Wednesday, May 21, 2014

Degenerative Disc and Running: A Case History

Copyright 2002
By Dr. Tim Maggs

Too many runners are told to stop running when they’re diagnosed with a degenerative disc in the back. Not only is this inappropriate in many cases, but oftentimes, running is part of the solution for someone in this situation.

Case History

Gina Babin, a 33 year old hairstylist, came into my office in late 2000 with low back pain. Her job, which involved standing all day, produced low back pain. And it was getting worse. When we took an x-ray of her low back, what we found was a bit unusual. Gina had an extremely degenerated disc at the L5 level of her low back (arrow “c”). This is a condition more commonly seen in someone 60 years old. Disc spaces “d, e, and f” were full and healthy. Gravity line “a” should be going through line “b”, and the fact that it wasn’t only added to the stress on the joint.

Discs typically will degenerate with age or trauma. Trauma to an area of the spine without rehabilitation will produce a tightness of the supportive muscles, a fixation of the joint and an ultimate reduction of the normal blood flow to the disc. This is similar to a tourniquet around the arm. Eventually, whatever’s on the other side of that reduction of blood flow will die. And there goes the life in the disc. It will gradually wear down until symptoms begin to occur. Symptoms can come in the form of localized pain, restriction of normal motion or pinching of the nerve that exits the spine at that level. Whatever symptoms you suffer with, they typically will get worse over time without corrective care.

Appropriate Treatment

In most cases, the disc is never going to grow back. You’d probably have better luck waiting for Superman to come than hoping for your disc to return. The next best thing is motion restored back to the joint. This will promote the influx of a rich blood flow back to a withered disc, and time will allow that portion of the disc to resume function to whatever level is possible. To get motion back to this injured joint requires work and patience.

In my office, we treat with a frequency that will allow a patient to get back. When a disc degenerates, adhesions form around the joint as the body tries to “lock up” this injured area. As long as that is allowed, there will be an inability to do many things. So the goal is to go against what the body is attempting to do and work to dissolve as much of the adhesion formation as possible. This is done with ultra-sound therapy. This prepares the joint for rehabilitative exercises that will help to restore motion back to the joint and increase the blood flow back to the remainder of the disc. As a patient, you must be patient. Three to five visits will not do the trick. It may take 30-40, or 60-80 treatments. But, everyone is different, and you must be willing to pay some price in order to get results. And then you must maintain some level of treatment to keep the results. Your ultimate ceiling of potential may be reduced to some degree, but it can certainly be raised from where it is, especially if you’ve only been told to stop running and have not gone through any corrective care.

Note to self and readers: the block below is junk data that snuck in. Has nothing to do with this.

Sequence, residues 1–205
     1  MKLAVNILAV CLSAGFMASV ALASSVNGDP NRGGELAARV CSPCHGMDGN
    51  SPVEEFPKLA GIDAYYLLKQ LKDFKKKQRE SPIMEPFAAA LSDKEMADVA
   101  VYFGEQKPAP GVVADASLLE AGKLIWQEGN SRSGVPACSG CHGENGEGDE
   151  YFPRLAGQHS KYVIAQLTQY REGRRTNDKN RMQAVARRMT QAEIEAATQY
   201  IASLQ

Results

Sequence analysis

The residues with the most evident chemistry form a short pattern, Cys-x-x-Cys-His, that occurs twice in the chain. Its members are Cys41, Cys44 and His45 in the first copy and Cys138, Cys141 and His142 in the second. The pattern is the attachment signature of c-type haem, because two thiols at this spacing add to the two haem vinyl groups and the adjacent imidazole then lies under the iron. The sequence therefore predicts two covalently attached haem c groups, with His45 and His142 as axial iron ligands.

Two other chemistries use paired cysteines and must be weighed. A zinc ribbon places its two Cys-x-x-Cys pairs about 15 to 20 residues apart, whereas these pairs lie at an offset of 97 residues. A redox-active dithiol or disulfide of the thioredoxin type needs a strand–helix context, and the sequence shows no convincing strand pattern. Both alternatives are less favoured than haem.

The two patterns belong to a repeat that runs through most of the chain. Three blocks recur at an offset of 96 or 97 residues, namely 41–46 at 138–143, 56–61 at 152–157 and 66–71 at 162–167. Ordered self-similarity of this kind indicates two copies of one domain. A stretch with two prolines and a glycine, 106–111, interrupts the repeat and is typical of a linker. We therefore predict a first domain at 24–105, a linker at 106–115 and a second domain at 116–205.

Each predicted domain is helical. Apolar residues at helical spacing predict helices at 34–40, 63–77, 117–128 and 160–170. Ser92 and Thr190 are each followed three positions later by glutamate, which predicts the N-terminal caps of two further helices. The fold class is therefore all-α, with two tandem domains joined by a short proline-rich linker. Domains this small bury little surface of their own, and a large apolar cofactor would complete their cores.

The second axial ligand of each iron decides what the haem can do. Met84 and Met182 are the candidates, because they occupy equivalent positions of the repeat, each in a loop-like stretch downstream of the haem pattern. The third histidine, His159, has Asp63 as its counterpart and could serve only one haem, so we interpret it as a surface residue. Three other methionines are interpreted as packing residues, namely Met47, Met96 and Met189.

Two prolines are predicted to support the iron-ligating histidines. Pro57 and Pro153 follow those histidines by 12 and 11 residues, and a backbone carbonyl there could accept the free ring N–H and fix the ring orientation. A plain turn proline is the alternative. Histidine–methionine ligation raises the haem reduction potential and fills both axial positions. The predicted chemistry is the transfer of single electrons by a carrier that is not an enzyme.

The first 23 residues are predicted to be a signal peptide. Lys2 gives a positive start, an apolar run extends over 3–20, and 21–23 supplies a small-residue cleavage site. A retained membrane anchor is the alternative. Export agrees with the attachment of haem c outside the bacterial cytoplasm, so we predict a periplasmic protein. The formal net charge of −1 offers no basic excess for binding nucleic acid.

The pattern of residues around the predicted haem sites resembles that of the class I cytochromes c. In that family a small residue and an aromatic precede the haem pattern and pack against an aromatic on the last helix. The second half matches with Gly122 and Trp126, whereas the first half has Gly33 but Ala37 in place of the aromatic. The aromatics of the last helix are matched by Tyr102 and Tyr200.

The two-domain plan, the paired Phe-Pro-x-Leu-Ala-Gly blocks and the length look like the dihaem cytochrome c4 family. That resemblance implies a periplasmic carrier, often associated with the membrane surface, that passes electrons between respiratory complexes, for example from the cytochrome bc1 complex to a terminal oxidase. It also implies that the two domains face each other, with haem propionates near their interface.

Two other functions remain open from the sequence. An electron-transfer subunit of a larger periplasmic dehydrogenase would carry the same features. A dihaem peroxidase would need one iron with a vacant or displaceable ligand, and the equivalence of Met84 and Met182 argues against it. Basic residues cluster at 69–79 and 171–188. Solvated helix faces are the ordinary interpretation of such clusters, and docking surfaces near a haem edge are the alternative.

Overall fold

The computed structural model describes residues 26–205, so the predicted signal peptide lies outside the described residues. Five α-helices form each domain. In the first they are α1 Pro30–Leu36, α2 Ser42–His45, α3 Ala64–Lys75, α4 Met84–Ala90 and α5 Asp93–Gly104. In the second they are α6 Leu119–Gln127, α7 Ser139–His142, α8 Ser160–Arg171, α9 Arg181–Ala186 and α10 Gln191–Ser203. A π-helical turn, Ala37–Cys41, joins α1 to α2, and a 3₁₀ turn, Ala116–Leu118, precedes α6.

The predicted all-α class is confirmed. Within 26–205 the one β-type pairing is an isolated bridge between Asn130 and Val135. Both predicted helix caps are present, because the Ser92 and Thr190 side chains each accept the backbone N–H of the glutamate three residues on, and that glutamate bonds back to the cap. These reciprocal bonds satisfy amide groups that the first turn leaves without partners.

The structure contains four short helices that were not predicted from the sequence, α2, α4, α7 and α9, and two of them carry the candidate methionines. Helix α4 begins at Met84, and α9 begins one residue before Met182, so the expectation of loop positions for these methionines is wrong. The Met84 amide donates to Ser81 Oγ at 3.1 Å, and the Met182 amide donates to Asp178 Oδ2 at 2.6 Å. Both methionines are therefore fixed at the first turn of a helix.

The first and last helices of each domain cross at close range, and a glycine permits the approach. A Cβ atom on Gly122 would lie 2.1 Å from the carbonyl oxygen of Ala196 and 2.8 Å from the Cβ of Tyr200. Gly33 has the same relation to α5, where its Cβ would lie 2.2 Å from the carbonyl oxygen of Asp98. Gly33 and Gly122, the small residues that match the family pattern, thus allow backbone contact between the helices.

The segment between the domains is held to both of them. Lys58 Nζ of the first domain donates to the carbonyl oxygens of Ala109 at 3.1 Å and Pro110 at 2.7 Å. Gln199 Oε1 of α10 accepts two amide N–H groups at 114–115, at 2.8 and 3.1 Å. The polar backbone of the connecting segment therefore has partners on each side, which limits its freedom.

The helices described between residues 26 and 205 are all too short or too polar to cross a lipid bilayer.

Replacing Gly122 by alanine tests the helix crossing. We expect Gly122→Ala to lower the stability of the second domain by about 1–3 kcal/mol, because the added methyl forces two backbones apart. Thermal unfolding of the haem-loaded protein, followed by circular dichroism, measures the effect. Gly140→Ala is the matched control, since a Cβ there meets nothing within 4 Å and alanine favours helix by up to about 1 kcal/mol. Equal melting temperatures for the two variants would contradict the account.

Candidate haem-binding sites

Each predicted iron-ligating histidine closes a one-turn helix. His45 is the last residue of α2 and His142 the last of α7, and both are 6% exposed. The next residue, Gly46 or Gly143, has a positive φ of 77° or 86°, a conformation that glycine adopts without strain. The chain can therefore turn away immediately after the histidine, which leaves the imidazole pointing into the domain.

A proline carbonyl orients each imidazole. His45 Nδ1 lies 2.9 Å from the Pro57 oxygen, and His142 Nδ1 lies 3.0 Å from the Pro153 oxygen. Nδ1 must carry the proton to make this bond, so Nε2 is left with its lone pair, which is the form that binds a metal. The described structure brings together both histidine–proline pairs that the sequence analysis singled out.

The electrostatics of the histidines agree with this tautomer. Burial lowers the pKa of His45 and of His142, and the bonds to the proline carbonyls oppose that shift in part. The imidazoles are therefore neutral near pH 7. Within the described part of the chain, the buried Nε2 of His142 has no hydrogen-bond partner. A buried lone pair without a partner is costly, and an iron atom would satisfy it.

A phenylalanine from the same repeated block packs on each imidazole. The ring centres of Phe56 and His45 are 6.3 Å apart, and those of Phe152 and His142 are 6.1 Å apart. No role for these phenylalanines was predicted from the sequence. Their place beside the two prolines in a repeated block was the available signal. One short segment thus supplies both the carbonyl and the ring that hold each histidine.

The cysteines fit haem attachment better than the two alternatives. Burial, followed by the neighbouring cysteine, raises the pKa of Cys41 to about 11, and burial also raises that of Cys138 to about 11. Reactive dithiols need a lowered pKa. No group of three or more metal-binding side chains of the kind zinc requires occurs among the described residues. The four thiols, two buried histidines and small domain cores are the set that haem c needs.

Along with the ultra-sound treatment, spinal manipulation greatly helps to restore motion back to the locked joint. This will encourage a better blood flow and a reduced likelihood of future injury. A critically important addition to this plan is the fitting for custom orthotics for a patient with a condition such as this. The long-term degeneration of the L5 joint space is clear indication of the instability and increase of stress in the lumbo-sacral region. The degeneration is the body’s response to that instability. Custom orthotics are mandatory for the patient to reach maximum capacity.

Finally, some nutritional support is added, and you’ve got yourself a new lease on life. Glucosamine with a ligament strengthening supplement (minerals) will begin the process of healing. There are also many all-natural anti-inflammatories that can be added to the mix, such as proteolytic enzymes. A daily routine of these will certainly contribute and support the physical treatments that are being given.

Back to Gina

Gina Babin was not a runner when she entered my office in late 2000. Once the process of rehabilitation began to show improvements, Gina wanted to know what more she could do to help herself. When that question is asked in my office, there is usually only one answer---begin running. And that she did. She has now completed 4 races and is well on her way to running a half marathon this year.

A most unusual turn of events occurred approximately one year after fitting Gina with her custom orthotics. She had not even a whisper of back pains, however, she had one orthotic that began to irritate the ball of her foot. As usual, we circled the sight of irritation and sent the orthotic back to the lab. My plan was that she would go without the orthotics for 7-10 days.

Within 48 hours of not wearing her orthotics, Gina’s back went into an acute flare-up unlike anything I had ever seen before. There was severe Psoas spasm, pain in the dorsal-lumbar region, that prohibited her from working or running. The pain worsened each day. We quickly concluded that not wearing her orthotics was the reason, and had a new pair overnighted. After 8 days of suffering, we re-inserted the orthotics and within 2 days, Gina’s back returned to normal. This showed me more than ever the direct benefit orthotics have in a situation like Gina’s.

Persistence, a good game plan and a positive attitude will get anyone ahead in life. Do not accept a proclamation of doom when diagnosed with a degenerative disc. In fact, your new life is just beginning.

No comments:

Post a Comment